Activities for the Mind:
- Reading books (many libraries are offering online ordering and curbside pick up)
- Memorizing a scripture passage or inspiring quote
- Homework (do before play)
- Free online music lessons (guitar, piano etc.)
Activities for the Body:
- Crafts- free coloring pages online on Pinterest.com, Play Dough, painting!
- Playing outside – for even just 20 minutes can make a big difference
- Indoor exercise: Stretches, kid’s yoga, jumping jacks, etc.
- Dance party! (Music Ideas: Hokey Pokey, Wheels on the Bus, Go Fish-Party Like a Preschooler, Father Abraham, Baby Shark, Ring Around the Rosie, Tiger Hunt-Ernie’s Hits)
Activities for the Spirit:
- Read/say a prayer each day with your kids and partner
- Attend church online each Sunday and find kids church resources to help them practice spiritual disciplines that will benefit them later in life
- Begin a prayer journal – write down your prayers and wait in anticipation for the answers!
- Talk to your kids about prayer, pray with them each night before bed
- Let your kids get bored! Boredom is a prerequisite for creativity.
If your child has difficulty coming up with activities on their own, spend a half an hour or so with your child brainstorming a long list of ideas they can try when they get bored. So when boredom sets in, point them to the list!
- Schedule time for connection and refreshment!
Once you are able to set structured time for work, don’t forget to structure in time for play too! Have scheduled “check-in” times with your kids, spouse, or partner.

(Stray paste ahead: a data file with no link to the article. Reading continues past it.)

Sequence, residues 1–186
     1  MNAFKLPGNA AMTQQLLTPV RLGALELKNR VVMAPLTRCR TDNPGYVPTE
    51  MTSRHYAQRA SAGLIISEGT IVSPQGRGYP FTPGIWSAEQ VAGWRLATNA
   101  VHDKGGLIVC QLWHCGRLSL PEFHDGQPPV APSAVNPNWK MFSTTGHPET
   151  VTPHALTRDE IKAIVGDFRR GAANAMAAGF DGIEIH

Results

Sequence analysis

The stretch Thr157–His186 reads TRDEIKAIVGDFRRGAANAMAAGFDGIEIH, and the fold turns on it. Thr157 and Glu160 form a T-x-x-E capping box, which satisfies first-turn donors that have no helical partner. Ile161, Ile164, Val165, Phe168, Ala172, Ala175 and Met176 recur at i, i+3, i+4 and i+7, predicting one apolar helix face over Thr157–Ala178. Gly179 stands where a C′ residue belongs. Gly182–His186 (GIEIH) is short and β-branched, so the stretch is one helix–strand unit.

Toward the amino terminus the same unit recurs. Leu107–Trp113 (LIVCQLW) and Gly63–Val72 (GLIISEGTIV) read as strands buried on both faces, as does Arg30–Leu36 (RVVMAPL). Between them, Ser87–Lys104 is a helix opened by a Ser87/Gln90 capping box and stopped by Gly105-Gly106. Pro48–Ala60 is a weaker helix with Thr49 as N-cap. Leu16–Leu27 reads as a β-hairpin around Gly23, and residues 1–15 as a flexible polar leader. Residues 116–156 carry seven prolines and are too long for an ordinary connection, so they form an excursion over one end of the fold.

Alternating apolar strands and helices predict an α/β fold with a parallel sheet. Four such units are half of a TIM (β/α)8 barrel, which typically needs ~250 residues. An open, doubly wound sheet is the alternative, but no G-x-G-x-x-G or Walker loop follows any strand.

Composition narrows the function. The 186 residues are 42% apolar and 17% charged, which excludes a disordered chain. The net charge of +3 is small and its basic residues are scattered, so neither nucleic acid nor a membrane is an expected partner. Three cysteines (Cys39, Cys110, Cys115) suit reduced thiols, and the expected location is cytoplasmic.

Maybe for you this means:
- Eating a meal together or two or three at a specified time
- After an hour or two of working, you set the timer for 15 minutes to play on the floor with your kids – alternate with partner if you can
- Go for a walk by yourself or with the family each day as weather permits
- Get kids to bed early or wake up early before kids, but make time with your partner a priority
- Schedule a “family night” each week and take turns choosing what the family will do together. Extra points for having good attitudes! (We have been enjoying Candy Land, Chutes and Ladders, Memory, Slap Jack, and Old Maid)
- Schedule alone time
Alright you introverts out there, you know what I am talking about! Being home with everyone 24/7 can really suck the energy right out of you really fast! Take time for yourself, your family will thank you for it, even if they do complain at first. Self care is extremely important in a time of crisis and transition. If you have small kids, maybe you and your partner can plan together how to give one another the time alone you each need. My husband and I have given each other one night a week or every two weeks to spend however we wish.
Schedule quiet time for your kids every day! Teach your kids the self discipline of laying in their beds for 30-60 minutes in the dark without making noise and without technology! It is possible, but it takes consistency and routine to build the habit and self-discipline. Some days are harder than others. Today no one wanted to nap so we cut it short.
Some of these ideas may work and others may not, but the key is to be intentional. The bottom line is, if we don’t manage our own life, someone will manage it for us. It takes extra work on the front end to plan and communicate, but it’s worth it in the long run to avoid the disaster and frustrations of unclear expectations and disappointments.
Good luck to you and your family!